I often picture a time when the discipline known as “digital marketing” is referred to simply as “marketing.” There is no mistaking the prominent role the Internet now plays in our daily lives, both at work and at home. Why then are so many local industries’ online initiatives behind the curve?
I believe it’s due to a lack of awareness and natural resistance to change. The reality is that Internet marketing is becoming indispensable for business-to-business organizations. Here are a few reasons why.
Hiring and Selling to Young Professionals - Per drillinginfo.com, 71 percent of the oil and gas workforce is age 50 or older. The age gap in the industry, known as the “Great Crew Change,” is well documented. To remain viable, the industry needs to attract and train younger talent.
The best young candidates selected to help steer major companies will seek employers, perform research and conduct business online more frequently than ever. That means the importance of reaching a younger set of businesspeople is twofold: Companies must both hire the top applicants, who are likely to be highly Internet savvy, and support their preferred methods of communication.
In a GlobalSpec Digital Media survey, search engines like Google were the most frequently used informational resource for engineers in the research phase of the buying cycle. In fact, 84 percent of industrial professionals use the Internet to find components, equipment, services and suppliers.
We can infer that the strongest Internet users for product and supplier research are the younger generation. Imagine then the importance of being easily found through the Internet as the new breed of decision makers matriculates into the workforce.
Tapping New Markets - Companies with strong digital marketing programs are penetrating new verticals in an effort to diversify their businesses. For companies whose sales are anchored by demand in the oil and gas industry, it makes sense to explore comparable applications for their products and services for other types of businesses.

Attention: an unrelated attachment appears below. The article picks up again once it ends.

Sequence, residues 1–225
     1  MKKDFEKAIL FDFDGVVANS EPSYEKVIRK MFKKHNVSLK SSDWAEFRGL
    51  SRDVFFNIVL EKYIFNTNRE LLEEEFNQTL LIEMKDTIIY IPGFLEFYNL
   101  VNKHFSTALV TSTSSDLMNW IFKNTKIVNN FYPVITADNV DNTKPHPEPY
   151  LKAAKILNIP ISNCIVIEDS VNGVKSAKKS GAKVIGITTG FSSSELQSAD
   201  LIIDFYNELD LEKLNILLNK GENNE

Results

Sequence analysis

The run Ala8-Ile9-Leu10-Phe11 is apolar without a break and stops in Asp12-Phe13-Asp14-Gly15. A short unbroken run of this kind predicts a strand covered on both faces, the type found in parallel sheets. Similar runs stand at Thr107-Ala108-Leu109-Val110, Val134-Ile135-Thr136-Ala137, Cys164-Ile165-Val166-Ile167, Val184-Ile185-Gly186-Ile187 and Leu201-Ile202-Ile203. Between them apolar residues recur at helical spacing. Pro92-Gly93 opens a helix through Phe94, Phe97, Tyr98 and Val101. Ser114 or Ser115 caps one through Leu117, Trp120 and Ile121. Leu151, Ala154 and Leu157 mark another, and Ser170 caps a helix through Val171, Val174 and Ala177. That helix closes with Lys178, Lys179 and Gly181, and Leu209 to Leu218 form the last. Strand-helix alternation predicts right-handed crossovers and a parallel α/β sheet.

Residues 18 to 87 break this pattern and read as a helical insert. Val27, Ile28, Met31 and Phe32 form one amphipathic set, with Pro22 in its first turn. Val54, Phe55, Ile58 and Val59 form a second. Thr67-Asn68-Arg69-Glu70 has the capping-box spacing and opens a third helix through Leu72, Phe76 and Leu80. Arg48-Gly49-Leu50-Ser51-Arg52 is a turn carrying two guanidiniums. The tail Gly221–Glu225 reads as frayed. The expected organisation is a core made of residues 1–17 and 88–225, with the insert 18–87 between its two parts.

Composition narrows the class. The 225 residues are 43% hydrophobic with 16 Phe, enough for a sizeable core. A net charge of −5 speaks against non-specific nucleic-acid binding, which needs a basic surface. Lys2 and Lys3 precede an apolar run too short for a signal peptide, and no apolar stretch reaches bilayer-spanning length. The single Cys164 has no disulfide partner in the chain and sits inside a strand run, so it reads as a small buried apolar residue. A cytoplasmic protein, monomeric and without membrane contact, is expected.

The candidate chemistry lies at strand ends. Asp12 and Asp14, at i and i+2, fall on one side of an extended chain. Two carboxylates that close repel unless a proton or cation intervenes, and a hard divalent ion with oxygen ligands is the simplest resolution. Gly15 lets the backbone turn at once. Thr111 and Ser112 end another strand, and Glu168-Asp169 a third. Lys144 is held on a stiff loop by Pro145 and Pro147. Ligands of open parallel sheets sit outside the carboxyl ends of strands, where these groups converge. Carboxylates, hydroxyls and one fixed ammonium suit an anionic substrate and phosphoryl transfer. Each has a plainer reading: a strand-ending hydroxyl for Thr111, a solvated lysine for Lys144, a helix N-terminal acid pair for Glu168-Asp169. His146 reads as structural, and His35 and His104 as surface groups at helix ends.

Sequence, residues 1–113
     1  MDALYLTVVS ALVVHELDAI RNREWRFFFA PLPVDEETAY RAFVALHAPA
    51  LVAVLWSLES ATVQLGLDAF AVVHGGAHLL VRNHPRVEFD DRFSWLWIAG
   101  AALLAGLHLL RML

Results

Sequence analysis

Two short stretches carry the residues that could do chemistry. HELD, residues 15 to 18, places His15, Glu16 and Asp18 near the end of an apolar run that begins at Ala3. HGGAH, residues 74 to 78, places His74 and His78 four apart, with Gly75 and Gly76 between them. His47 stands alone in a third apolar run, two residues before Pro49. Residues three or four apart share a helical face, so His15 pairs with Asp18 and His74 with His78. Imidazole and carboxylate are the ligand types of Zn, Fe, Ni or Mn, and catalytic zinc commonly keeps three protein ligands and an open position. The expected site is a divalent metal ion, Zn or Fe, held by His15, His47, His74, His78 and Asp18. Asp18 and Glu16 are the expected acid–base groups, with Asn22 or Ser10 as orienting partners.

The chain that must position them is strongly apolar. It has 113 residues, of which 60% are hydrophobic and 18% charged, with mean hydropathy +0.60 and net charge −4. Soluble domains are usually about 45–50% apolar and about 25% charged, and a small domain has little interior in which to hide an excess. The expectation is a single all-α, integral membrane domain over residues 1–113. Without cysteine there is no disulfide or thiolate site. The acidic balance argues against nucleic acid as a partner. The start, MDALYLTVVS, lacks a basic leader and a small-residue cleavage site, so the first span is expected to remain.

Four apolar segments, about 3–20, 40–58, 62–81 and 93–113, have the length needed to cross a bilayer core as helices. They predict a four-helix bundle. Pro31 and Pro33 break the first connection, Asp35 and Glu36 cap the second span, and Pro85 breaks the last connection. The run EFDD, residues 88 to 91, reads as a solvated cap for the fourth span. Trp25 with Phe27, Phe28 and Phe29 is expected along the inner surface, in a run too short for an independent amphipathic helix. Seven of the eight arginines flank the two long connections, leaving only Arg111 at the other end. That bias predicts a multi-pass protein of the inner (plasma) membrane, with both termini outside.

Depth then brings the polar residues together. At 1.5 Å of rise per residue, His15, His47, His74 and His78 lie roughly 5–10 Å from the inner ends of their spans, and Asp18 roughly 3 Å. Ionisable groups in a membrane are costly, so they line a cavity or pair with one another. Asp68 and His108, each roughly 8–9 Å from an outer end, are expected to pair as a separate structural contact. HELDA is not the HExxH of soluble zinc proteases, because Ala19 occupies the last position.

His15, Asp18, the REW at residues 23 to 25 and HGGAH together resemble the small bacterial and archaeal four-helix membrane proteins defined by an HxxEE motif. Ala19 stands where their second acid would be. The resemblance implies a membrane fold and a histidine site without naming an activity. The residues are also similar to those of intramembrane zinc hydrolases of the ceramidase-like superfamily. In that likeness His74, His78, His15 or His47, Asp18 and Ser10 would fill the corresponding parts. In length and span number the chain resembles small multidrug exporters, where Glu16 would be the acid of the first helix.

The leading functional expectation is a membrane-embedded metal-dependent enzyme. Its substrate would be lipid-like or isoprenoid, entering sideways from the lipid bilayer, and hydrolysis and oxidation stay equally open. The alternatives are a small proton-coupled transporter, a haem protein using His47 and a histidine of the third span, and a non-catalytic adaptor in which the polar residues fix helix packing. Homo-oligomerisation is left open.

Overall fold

“Some of the work we’re getting from other areas in the United States wouldn’t be there if not for the Internet,” says Jerome Hebert, plant manager for Mark Tool and Rubber in Franklin.
“East Coast and West Coast inquiries are smaller, nonoilfield-related orders from new industries for us [including mining and directional drilling], which have helped to support our business,” Hebert continues. “We wouldn’t have touched them if not for our online marketing.”
Access to international demand can also prop up flagging domestic sales. The Internet is global in nature, and websites based in America are often strongly represented even in foreign search engines.
Joe Ramey, founder of Keystone Energy Tools in New Iberia, has experienced this firsthand. “We advertised in an international magazine, but couldn’t attribute much to it — unlike our digital advertising, which provides measurable global reach,” Ramey says. “I’m glad we started the ad campaign when we did because, due to the slowdown, there are much fewer rigs running in the U.S. compared to internationally.”
Greater Efficiencies, Lower Cost - Many are familiar with the adage, “Half the money I spend on advertising is wasted; the trouble is I don’t know which half.” Online marketing techniques are largely rendering this assertion false. For one, rapid testing and detailed measurement of online efforts make it easy to identify which initiatives are performing and which aren’t. This agility translates into greater efficiency and cost-control, such that there’s no longer an excuse for or expectation of wasted marketing dollars.
Embracing Change - Whether it’s connecting with a new workforce, industry or international partner, the importance of digital marketing to all businesses cannot be understated. Many tactics like paid advertising and email marketing can be set up and deployed quickly. Others, like search engine optimization and social media development, take place methodically over long periods of time.
Whether they’re preparing for a slump or resurgence, the most successful businesses are always poised and ready to adapt. Make online strategy a priority now — or prepare to play catch up later.
Nick Mouledous is a marketing consultant, avid outdoorsman and a marginal food and music critic. He works for Bizzuka Inc. in Lafayette.